Never-spanking is a message parents and professionals working with parents find difficult to accept because the belief that corporal punishment works when other methods do not is so firmly embedded in the culture of most societies. It is also hard to accept because it seems to be contradicted by the day-to-day experience of parents who have told a child “no,” reasoned or explained, or used time-out, only to have the child repeat the misbehavior. Parents and professionals advising parents do not point out to parents that this happens just as often when toddlers are spanked, and they also do not tell parents to never spank, as they would tell them to never let a child smoke.
An important difference between spanking and other modes of correction is that parents who spank are prepared to do it again and again until the child ceases the misbehavior. But when parents use noncorporal discipline and the child repeats the misbehavior, they are likely to fall back on corporal punishment— the method their culture incorrectly tells them works when other methods have failed. Parents who spank and repeat the spanking as needed are using the right strategy, but with the wrong method. If they were as persistent with noncorporal methods, they would be even more effective, and not put the child at risk of the harmful side effects.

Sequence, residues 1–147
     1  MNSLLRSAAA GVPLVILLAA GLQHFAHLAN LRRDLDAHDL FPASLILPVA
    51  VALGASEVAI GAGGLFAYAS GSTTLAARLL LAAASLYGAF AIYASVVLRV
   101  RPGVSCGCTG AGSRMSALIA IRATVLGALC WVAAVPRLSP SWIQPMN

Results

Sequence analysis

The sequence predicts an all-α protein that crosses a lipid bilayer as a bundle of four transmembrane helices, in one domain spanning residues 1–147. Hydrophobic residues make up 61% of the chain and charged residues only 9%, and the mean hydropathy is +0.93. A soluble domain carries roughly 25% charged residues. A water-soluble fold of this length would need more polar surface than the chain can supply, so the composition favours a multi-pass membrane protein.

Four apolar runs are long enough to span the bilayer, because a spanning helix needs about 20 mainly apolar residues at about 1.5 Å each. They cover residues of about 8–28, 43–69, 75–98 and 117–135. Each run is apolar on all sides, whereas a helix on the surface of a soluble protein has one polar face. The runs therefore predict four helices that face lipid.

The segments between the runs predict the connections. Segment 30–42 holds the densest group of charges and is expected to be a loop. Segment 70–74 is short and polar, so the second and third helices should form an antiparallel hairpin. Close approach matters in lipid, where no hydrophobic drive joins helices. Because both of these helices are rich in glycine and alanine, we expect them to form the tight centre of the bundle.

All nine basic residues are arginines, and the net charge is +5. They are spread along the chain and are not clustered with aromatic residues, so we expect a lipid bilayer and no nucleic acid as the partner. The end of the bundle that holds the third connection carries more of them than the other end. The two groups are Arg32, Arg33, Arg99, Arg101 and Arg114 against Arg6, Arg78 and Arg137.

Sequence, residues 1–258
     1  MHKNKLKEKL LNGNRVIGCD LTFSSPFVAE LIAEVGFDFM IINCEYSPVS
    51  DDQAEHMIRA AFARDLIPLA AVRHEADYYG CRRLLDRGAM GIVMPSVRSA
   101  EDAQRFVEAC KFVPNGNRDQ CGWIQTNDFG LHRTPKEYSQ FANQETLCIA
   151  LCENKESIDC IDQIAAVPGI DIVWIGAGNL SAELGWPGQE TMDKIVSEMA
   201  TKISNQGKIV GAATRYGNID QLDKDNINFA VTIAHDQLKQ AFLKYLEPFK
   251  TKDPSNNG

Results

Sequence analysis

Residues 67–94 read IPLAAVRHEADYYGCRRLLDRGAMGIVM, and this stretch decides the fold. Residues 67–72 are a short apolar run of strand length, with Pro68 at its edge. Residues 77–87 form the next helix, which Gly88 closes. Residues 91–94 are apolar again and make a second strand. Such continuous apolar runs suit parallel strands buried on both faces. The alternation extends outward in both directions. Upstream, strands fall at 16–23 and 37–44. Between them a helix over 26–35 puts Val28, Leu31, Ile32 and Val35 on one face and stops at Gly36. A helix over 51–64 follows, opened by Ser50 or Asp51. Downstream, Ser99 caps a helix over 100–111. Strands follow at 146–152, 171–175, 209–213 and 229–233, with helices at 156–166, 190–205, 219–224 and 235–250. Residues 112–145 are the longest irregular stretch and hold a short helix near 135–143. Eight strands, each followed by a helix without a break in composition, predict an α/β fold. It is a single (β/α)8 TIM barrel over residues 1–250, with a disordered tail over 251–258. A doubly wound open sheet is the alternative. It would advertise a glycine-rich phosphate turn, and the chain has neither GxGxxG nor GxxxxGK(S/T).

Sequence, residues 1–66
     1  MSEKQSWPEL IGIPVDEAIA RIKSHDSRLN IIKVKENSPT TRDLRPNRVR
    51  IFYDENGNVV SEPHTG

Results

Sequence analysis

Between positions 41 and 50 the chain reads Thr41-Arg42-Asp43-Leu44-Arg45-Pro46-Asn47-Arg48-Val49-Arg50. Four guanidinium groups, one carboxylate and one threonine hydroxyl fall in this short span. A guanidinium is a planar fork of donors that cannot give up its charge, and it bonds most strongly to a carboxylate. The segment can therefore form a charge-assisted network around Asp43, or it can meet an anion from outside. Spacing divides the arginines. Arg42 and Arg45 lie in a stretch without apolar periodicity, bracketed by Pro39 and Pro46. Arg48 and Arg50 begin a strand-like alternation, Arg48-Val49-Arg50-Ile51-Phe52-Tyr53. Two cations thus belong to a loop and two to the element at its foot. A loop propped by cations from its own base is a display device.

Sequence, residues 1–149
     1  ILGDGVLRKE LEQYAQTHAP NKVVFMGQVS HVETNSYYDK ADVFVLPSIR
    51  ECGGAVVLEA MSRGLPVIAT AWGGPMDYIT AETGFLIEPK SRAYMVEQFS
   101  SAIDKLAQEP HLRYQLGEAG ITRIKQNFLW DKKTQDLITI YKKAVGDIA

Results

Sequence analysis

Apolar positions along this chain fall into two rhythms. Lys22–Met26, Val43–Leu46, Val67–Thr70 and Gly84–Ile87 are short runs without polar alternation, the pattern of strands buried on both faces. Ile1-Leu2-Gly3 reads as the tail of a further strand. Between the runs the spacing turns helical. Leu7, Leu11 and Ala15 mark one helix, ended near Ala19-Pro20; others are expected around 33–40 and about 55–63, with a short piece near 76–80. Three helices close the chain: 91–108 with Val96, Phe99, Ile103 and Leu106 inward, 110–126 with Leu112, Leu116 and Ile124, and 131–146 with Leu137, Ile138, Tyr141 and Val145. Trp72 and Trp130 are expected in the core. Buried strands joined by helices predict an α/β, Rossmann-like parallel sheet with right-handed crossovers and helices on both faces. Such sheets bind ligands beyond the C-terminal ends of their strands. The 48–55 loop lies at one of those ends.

Aside from legislative changes, there is data on trends for only a few countries, but in every case it reveals substantial decreases in corporal punishment by parents. Perhaps the most dramatic example is Sweden. A study of all children born in a district of Stockholm in 1955 found that at age three, 94 percent of the parents were still using corporal punishment, and a third of them did it “at least daily.” By 1994, the percent of parents who spank had dropped to 31 percent. The most complete data is for the United States, although it conveys a more mixed picture. About two thirds of a national sample of parents of thirteen-year-old children reported using corporal punishment in 1975. By 1995 that percentage had decreased to a third, suggesting changing attitudes and practices for older children and adolescents. However, for toddlers, there was no decrease from the over 90% of parents who spanked in 1975, suggesting a continued belief in the efficacy of physical means of socializing the very young child.